5 lessons from a broken finger

Our director, Louise Tu’u, broke one of her fingers earlier this year and it really hurt.

Disclaimer: Louise is aware of her privileges as an able-bodied woman with all of her limbs intact and in use.

Like most things in life, it’s not of interest until it happens to you.

  1. Remember how useful I am, not just when I broke.

The initial pain hurt but what seemed to hurt more was the things Louise couldn’t do so easily. Holding a pen as a right-handed person became very awkward and made Louise’s already illegible writing even more hard to decipher. Lifting up objects with the same hand was harder, though not impossible. Playing any ball sports was not allowed. Essentially, what Louie took for granted with her hand and co-operative fingers was ease and convenience. As time went on and Louise used exercises from the hand therapist, using this finger again became easier.

2. Here’s your chance to look after me.

“No pain, no gain” became a mantra which Louise hated. Here in the healing of her finger, it became essential. Regular repetitions of certain exercises at regular intervals of the day for this finger reminded Louise that her finger needed to heal and love from her.

3. There are three stages of injury: inflammation, proliferation and healing.

Louise likened this to making art: I have an idea and am excited, I get excited and depressed and I try to make the idea. A very crude analogy but one which, like the stages of Louise’s broken finger, also a process. Start, tutū (Maori word for mucking around with something, tinkering when you probably shouldn’t, basically we’re encouraging you to start the enquiry, project, etc, see where it goes and see it through/finish.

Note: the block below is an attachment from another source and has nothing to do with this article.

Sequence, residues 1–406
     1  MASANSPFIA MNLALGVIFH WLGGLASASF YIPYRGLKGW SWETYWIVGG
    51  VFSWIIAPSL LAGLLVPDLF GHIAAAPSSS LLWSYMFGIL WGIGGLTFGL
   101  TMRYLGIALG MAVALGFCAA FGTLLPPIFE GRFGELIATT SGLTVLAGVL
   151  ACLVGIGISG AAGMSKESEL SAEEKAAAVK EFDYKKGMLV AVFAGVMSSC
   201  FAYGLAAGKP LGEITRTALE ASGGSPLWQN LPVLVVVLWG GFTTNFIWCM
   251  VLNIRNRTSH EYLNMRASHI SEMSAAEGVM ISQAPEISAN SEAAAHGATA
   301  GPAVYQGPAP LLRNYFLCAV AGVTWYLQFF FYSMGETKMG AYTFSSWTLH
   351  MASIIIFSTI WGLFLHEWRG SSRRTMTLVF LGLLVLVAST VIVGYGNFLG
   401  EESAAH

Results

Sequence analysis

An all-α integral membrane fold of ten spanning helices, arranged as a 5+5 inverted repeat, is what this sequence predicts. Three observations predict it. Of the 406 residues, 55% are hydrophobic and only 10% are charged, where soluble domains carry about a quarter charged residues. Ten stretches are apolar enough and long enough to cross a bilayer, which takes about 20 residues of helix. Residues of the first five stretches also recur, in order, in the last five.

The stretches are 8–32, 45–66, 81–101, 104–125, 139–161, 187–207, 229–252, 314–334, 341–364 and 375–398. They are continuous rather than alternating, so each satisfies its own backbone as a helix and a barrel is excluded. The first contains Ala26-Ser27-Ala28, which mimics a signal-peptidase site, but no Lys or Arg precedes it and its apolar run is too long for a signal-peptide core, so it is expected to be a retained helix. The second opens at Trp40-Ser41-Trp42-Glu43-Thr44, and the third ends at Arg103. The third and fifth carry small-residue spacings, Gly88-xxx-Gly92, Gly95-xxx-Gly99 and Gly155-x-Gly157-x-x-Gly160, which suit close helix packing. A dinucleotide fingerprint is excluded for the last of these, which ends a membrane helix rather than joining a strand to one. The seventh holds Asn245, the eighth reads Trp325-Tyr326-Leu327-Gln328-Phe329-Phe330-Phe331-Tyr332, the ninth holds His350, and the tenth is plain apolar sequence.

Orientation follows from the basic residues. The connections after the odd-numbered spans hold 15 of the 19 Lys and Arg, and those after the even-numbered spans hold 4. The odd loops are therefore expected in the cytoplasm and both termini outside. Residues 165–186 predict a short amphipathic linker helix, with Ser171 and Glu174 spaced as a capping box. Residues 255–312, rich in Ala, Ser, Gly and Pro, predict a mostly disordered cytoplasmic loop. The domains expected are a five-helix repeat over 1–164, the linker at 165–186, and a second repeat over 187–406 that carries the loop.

4. Don’t compare me to the other fingers.

This is a big lesson. When one finger went and broke, all of a sudden Louise thought about this finger, you’re not as good/helpful/etc. as the other fingers are. This is a massive mistake. Louise is grateful for her able-bodied body but like everyone sometimes, was feeling down on what she couldn’t do with her broken finger. So here’s what she did and what you can too.

  • Write a list of at least 20 qualities that your metaphorical finger/unfinished project is useful and top of mind for you and why you should make the project.
  • Think of what might happen if you never exercise your metaphorical finger or make your unfinished project. What stopped you from starting or finishing? Who could your project have helped?
Louise’s finger splints, in a range of colours. The black knuckle duster on the left was the hardest to wear.

5. We all need help.

Louise used her splints, some during the day, some during the night. These protected her finger through driving, writing and everyday tasks in her life. The splints came off when Louise did her finger exercises.

With each repetition, Louise’s finger gets better. Stronger. Straighter. More functional and less painful to use. Remembering the finger’s role and purpose and exercising that everyday.

If you need a metaphorical splint like Louise to help you complete your unfinished project for an hour of your time, book a slot here: https://calendly.com/talofae/explorehour

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